Electronic waste, or e-waste, is the fastest growing category of waste in developed countries and a threat to the environment and human health. The extension of electronic products life cycles could reduce the use of finite resources, the emission of pollutants, and the amount of waste disposed of in the landfills, delaying the impacts of disposal and product replacement. Consumers’ decisions affect the environmental impact of a product since deliberate consumer effort is necessary to extend and fully explore the potential life cycle of a product. The objective of this article is to investigate current consumer practices in the repair of electronic products. To achieve this goal, we analyze recently published research presenting surveys and case studies about the repair of electronic products. The literature review identified a range of barriers and motivations that influence the decision to repair. We also examined how institutional initiatives to address product reparability, such as governmental directives, are responding to consumer practices. Our results emphasize the need for an environment that promotes and enables more sustainable behaviors. We discuss the necessity to consider not only technical aspects but also intangible aspects in public perception, such as the role of perceived obsolescence in the search for a more circular economy.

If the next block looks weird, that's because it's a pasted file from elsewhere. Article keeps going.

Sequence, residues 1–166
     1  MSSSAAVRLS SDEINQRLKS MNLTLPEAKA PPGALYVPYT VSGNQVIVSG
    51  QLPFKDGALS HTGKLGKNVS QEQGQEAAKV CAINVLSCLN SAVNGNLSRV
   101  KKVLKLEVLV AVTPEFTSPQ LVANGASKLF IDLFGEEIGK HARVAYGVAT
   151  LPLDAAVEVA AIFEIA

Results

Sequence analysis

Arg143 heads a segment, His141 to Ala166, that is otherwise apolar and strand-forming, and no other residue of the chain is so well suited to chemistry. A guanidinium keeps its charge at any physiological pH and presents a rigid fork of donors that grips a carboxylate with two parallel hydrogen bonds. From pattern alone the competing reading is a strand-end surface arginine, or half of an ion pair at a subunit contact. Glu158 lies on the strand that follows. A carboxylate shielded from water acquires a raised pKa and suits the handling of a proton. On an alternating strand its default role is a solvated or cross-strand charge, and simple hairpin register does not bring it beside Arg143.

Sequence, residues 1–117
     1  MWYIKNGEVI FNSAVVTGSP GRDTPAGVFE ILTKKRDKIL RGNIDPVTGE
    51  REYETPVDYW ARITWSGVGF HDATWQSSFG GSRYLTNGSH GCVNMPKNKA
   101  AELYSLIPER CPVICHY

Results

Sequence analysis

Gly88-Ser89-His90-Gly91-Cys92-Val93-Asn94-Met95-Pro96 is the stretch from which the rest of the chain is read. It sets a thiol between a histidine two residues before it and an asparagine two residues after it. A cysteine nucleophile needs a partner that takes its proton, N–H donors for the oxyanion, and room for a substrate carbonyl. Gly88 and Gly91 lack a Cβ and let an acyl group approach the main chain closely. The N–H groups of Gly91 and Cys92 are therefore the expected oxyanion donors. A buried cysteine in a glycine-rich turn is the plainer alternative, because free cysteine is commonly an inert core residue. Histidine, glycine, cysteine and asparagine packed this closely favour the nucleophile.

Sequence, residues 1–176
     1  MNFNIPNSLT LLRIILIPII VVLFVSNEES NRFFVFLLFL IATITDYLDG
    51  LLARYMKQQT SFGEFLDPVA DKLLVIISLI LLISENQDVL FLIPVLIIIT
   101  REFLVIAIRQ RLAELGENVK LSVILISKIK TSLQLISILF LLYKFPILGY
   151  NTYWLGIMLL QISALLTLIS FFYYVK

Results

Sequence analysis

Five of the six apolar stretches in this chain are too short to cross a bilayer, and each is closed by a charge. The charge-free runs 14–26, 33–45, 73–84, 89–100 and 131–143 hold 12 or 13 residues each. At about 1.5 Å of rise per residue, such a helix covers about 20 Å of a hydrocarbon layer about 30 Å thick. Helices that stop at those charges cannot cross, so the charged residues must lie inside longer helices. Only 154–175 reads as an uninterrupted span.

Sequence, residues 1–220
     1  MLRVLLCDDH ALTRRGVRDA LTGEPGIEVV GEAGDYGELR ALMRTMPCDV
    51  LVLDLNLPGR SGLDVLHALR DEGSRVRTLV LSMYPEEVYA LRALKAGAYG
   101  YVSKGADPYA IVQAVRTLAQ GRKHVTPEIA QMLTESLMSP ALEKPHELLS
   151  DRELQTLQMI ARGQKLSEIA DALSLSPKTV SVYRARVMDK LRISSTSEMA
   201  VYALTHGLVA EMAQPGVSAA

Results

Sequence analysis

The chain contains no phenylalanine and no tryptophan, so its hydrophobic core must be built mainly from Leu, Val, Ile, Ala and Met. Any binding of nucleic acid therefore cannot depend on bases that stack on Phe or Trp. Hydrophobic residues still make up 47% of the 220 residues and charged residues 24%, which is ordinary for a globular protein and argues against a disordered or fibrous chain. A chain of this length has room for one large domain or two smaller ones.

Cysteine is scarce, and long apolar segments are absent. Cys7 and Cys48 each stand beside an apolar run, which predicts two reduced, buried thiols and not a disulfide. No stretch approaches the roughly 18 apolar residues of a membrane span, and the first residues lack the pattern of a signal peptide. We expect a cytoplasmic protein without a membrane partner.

Bibliographical noteFunding Information:
The authors would like to acknowledge the financial support of CNPq (Brazilian National Council for Research).
- Circular Economy
- Consumer practices
- Sustainable design